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This post on the forums [0] is the best answer I've read yet.

They sell the Pi Zero (W) at such a low price to promote the platform for educational and non-commercial purposes. However, the margins are so low at that price that they cannot afford to sell in bulk. They apparently do offer bulk buys (>500 [1]) at higher prices.

The few options to buy multiple are to buy kits (which basically pass that bulk pricing in the form of overpriced accessories), or at a higher price (e.g. I see $22 on Amazon), or be very patient and keep ordering.

[0] https://www.raspberrypi.org/forums/viewtopic.php?t=198705#p1... [1] https://www.raspberrypi.org/forums/viewtopic.php?t=201916#p1...

> However, the margins are so low at that price that they cannot afford to sell in bulk

Typically, ordering in bulk is how you _support_ low margins, by amortizing all the various fixed overheads. What I suspect you mean is 'the margins are negative, and we're hoping to make it up via attach rate.'

I don't think they're planning to make it up at all. I think the point is to make the entry price for beginners and people on low income as affordable as possible. I think people here complaining they can't order them in bulk at $5 or assuming there's some clever business scheme behind it all are kind of missing the point.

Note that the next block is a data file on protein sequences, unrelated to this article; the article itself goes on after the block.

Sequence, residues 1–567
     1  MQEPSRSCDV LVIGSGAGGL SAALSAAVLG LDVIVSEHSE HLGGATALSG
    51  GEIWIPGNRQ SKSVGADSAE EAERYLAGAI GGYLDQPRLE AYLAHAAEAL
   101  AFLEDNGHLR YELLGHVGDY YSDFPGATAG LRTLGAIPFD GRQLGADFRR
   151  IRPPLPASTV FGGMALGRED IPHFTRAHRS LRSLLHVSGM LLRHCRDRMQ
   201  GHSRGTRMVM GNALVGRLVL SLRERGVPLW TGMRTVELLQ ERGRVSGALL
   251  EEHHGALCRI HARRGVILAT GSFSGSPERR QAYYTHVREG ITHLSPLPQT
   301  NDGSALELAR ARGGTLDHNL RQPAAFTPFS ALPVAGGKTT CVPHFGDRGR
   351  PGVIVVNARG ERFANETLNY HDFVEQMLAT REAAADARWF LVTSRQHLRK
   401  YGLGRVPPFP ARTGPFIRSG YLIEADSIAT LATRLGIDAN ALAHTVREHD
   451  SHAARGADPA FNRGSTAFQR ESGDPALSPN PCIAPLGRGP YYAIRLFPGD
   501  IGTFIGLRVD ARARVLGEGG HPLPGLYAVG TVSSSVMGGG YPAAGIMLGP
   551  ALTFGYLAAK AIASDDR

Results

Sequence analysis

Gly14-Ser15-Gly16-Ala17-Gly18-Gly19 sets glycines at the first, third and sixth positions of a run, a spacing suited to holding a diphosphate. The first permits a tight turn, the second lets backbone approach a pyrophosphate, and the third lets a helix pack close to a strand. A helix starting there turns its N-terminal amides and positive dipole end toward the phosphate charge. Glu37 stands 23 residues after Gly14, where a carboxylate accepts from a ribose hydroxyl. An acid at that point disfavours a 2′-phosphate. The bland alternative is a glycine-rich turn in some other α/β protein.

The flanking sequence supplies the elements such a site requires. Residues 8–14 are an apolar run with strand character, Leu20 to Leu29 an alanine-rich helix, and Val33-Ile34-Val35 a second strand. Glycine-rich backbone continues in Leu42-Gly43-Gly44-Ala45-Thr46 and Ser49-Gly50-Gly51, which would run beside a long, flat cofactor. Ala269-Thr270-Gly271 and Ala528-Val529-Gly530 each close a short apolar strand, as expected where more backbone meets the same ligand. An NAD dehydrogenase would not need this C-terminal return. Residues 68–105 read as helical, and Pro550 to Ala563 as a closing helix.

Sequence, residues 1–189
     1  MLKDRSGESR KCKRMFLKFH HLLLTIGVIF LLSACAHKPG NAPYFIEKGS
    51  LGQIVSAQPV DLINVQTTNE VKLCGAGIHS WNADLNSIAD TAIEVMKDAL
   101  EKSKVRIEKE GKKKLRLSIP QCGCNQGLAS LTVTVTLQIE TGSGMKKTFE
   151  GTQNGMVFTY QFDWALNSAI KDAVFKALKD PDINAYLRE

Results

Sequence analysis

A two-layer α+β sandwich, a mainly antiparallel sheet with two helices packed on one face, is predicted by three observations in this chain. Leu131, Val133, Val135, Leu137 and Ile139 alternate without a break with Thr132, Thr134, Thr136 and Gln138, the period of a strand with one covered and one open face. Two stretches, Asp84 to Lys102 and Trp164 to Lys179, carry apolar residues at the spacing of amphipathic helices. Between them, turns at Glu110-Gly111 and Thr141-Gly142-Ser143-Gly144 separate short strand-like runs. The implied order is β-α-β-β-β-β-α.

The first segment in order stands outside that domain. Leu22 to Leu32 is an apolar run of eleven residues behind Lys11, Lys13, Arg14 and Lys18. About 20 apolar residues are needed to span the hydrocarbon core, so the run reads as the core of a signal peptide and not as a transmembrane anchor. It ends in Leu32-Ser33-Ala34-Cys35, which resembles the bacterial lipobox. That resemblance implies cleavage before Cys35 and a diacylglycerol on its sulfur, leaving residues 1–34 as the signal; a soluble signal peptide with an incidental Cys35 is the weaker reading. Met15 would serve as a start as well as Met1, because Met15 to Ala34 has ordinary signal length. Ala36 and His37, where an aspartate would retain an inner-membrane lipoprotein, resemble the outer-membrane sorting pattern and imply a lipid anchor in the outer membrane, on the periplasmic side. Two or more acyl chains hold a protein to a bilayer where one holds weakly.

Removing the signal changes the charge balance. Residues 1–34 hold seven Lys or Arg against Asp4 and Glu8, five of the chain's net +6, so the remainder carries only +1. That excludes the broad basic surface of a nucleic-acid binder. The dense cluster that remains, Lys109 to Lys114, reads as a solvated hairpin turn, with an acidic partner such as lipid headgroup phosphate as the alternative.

BTW has anyone here found the 'introduction video' Techcrunch mentions in the article, that they say makes such a good case for the store? The only one I can find is the music video one that really doesn't make a case for anything. Unless that's the one they mean? Confused.

Indeed. It's a loss-leader.

The aim is to pull in real people with single sales, both to grow their community and support further sales down the line of more powerful hardware.

Bulk selling these to industry for [near]-disposable application doesn't help the organisation or its aims. It also forces them up another rung of production capacity and warehousing, which is a serious expense.

I think they misspoke. I think they didn't mean bulk but really "retail" or "commercially". i.e. small number of units to large number of customers vs. large number of units to small number of customers.

If they can't afford to sell in bulk, the margins are actually negative.

Does anybody know how negative?

personally would have rather seen them priced at a value it could be bulk ordered. As many others pointed out, they are neat to build multi node projects or prototypes of doodles with.

Actually, the better answer is the part of your [0] reference that you didn't copy:

"* In effect, since the Zero(W) would cannibalise sales from the other models, we lose the profit margin we would make on the P3. Cannot afford to do that in quantity."

Or, more specifically, their intent is to undercut any manufacturer that would want to make a very low cost board at a sustainable profit margin to prevent one from taking hold.

You can buy as many Orange Pi Zero's (with WiFi) as you want, any day of the year for $12.76 (the price goes even down slightly if you buy more than one) [1].